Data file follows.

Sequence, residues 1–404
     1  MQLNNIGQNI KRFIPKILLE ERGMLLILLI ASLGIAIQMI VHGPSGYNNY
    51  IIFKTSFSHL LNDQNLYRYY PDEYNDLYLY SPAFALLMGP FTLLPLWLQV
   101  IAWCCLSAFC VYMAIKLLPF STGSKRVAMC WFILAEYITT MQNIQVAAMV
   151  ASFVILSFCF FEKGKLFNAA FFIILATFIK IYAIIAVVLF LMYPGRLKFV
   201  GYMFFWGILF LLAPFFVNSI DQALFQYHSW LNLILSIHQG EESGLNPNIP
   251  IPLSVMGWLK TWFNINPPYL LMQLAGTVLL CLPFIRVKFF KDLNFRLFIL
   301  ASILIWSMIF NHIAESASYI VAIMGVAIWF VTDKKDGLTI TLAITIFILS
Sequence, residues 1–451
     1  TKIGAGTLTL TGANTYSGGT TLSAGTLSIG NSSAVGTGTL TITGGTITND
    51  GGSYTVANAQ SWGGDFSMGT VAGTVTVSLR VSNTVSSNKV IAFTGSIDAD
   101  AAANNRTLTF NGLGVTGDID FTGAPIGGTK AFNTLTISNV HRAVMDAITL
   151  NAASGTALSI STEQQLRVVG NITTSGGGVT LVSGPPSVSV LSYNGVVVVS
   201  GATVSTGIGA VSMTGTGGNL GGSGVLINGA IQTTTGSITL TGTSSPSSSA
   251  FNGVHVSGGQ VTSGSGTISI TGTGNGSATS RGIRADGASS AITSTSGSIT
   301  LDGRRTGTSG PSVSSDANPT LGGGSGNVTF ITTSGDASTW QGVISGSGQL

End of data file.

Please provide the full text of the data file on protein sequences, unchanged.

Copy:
Sequence, residues 1–404
     1  MQLNNIGQNI KRFIPKILLE ERGMLLILLI ASLGIAIQMI VHGPSGYNNY
    51  IIFKTSFSHL LNDQNLYRYY PDEYNDLYLY SPAFALLMGP FTLLPLWLQV
   101  IAWCCLSAFC VYMAIKLLPF STGSKRVAMC WFILAEYITT MQNIQVAAMV
   151  ASFVILSFCF FEKGKLFNAA FFIILATFIK IYAIIAVVLF LMYPGRLKFV
   201  GYMFFWGILF LLAPFFVNSI DQALFQYHSW LNLILSIHQG EESGLNPNIP
   251  IPLSVMGWLK TWFNINPPYL LMQLAGTVLL CLPFIRVKFF KDLNFRLFIL
   301  ASILIWSMIF NHIAESASYI VAIMGVAIWF VTDKKDGLTI TLAITIFILS
Sequence, residues 1–451
     1  TKIGAGTLTL TGANTYSGGT TLSAGTLSIG NSSAVGTGTL TITGGTITND
    51  GGSYTVANAQ SWGGDFSMGT VAGTVTVSLR VSNTVSSNKV IAFTGSIDAD
   101  AAANNRTLTF NGLGVTGDID FTGAPIGGTK AFNTLTISNV HRAVMDAITL
   151  NAASGTALSI STEQQLRVVG NITTSGGGVT LVSGPPSVSV LSYNGVVVVS
   201  GATVSTGIGA VSMTGTGGNL GGSGVLINGA IQTTTGSITL TGTSSPSSSA
   251  FNGVHVSGGQ VTSGSGTISI TGTGNGSATS RGIRADGASS AITSTSGSIT
   301  LDGRRTGTSG PSVSSDANPT LGGGSGNVTF ITTSGDASTW QGVISGSGQL